Here are ten quotes from Richard Bauckham’s book, The Theology of the Book of Revelation, that especially stuck out to me. And if you’re interested in eschatology (the doctrine of last things) you can also see my post “Eschatology and Ethics.”
“Revelation provides a set of Christian prophetic counter-images which impress on its readers a different vision of the world… The visual power of the book effects a kind of purging of the Christian imagination, refurbishing it with alternative visions of how the world is and will be” (Richard Bauckham, The Theology of the Book of Revelation, p. 17).
“Creation is not confined for ever to its own immanent possibilities. It is open to the fresh creative possibilities of its Creator” (Bauckham, The Theology of the Book of Revelation, p. 48).
“A God who is not the transcendent origin of all things… cannot be the ground of ultimate hope for the future of creation. It is the God who is the Alpha who will also be the Omega” (Bauckham, The Theology of the Book of Revelation, p. 51).
“The polemical significance of worship is clear in Revelation, which sees the root of the evil of the Roman Empire to lie in the idolatrous worship of merely human power, and therefore draws the lines of conflict between worshippers of the beast and the worshippers of the one true God” (p. 59).
“Who are the real victors? The answer depends on whether one sees things from the earthly perspective of those who worship the beast or from the heavenly perspective which John’s visions open for his readers” (p. 90).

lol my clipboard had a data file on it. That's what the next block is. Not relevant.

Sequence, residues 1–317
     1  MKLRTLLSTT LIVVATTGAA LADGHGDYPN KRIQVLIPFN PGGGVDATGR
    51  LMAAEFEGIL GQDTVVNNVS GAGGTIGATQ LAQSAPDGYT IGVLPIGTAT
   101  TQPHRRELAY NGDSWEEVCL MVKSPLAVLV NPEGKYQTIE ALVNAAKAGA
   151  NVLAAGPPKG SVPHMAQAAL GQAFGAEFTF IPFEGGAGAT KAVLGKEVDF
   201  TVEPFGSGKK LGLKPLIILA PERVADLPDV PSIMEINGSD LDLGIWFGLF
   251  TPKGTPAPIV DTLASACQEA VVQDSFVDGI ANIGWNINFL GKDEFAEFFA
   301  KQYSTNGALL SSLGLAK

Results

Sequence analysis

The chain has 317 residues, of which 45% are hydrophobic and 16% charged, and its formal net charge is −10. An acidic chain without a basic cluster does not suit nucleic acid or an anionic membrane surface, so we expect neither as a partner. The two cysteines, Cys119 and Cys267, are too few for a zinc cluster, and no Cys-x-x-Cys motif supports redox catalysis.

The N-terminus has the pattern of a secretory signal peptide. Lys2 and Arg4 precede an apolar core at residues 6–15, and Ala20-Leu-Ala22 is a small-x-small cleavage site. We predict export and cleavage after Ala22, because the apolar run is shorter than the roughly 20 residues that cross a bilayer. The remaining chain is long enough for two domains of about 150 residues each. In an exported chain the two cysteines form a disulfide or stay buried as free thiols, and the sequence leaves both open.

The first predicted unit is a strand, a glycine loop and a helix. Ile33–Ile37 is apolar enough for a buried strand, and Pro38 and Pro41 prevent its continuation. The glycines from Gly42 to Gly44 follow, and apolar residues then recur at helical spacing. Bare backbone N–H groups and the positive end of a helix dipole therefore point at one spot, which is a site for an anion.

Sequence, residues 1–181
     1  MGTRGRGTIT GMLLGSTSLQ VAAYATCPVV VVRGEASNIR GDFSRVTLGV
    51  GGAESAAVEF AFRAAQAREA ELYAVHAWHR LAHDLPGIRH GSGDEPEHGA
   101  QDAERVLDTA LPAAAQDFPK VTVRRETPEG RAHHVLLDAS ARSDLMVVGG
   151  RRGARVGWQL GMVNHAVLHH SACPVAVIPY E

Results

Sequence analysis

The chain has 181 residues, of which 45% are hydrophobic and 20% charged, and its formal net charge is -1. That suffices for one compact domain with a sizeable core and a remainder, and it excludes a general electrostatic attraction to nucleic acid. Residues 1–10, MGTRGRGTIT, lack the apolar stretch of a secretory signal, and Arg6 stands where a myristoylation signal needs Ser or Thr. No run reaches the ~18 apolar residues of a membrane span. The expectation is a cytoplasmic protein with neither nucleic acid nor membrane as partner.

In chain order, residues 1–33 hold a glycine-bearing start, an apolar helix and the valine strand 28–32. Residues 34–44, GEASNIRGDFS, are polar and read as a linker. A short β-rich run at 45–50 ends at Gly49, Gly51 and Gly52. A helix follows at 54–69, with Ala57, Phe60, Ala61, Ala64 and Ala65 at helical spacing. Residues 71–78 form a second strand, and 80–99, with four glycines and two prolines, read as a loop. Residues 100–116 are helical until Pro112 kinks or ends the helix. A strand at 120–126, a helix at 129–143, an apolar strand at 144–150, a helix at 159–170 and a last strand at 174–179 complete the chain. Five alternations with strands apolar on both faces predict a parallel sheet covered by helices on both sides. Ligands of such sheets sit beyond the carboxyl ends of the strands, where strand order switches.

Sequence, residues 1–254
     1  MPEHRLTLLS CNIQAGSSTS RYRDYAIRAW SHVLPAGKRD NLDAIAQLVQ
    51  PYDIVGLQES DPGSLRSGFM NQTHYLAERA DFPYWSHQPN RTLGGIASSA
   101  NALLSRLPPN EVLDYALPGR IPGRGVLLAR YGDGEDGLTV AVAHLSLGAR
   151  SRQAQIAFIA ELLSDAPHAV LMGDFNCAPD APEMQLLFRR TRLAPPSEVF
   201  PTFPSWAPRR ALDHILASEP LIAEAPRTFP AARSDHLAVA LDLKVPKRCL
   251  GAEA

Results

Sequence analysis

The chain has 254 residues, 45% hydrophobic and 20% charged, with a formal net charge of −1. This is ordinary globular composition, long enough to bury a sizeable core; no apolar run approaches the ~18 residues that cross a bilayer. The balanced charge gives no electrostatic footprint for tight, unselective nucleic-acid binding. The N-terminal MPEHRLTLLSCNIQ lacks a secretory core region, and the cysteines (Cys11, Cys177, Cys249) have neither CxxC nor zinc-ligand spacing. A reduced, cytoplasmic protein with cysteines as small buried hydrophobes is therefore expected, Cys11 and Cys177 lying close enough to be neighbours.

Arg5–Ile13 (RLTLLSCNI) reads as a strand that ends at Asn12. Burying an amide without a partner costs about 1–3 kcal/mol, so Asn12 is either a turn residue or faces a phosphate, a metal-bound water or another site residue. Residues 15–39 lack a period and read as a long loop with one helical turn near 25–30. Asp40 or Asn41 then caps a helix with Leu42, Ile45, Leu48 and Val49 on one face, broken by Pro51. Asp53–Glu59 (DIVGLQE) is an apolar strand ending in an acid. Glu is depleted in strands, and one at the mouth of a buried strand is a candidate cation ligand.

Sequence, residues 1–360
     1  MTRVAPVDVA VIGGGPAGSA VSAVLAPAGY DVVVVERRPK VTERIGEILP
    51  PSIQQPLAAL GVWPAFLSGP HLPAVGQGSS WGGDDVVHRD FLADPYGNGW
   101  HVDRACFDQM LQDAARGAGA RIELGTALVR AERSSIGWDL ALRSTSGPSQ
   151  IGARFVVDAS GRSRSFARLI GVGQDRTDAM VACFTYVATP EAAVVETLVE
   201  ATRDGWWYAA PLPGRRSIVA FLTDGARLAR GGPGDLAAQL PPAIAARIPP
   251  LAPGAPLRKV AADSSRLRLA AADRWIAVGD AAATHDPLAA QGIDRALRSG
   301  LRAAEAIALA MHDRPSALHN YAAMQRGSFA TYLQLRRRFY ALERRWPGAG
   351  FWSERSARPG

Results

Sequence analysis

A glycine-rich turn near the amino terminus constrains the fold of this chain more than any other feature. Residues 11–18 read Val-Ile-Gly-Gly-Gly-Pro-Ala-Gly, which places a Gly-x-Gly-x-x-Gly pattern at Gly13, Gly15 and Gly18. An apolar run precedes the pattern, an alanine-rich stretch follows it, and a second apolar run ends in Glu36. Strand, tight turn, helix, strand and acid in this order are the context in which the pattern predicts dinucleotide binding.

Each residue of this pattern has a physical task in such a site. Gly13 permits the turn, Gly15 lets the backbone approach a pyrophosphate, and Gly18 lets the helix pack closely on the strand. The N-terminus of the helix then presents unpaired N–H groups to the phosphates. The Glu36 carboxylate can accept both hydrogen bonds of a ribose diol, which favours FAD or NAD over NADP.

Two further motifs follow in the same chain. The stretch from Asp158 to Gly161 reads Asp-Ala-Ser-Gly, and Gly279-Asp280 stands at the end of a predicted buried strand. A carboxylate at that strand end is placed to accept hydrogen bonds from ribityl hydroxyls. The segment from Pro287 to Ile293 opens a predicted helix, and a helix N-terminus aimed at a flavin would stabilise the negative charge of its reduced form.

“The perspective of heaven must break into the earthbound delusion of the beast’s propaganda” (p. 91).
“There are clearly only two options: to conquer and inherit the eschatological promises, or to suffer the second death in the lake of fire (21:8)” (p. 92).
If Christians are to “resist the powerful allurements of Babylon, they [need] an alternative and greater attraction” (p. 129).
“God’s service is perfect freedom (cf. 1 Pet. 2:16). Because God’s will is the moral truth of our own being as his creatures, we shall find our fulfillment only when, through our free obedience, his will becomes also the spontaneous desire of our hearts” (p. 142-43).
“Only a purified vision of the transcendence of God… can effectively resist the human tendency to idolatry which consists in absolutizing aspects of this world. The worship of the true God is the power of resistance to the deification of military and political power (the beast) and economic prosperity (Babylon)” (p. 160).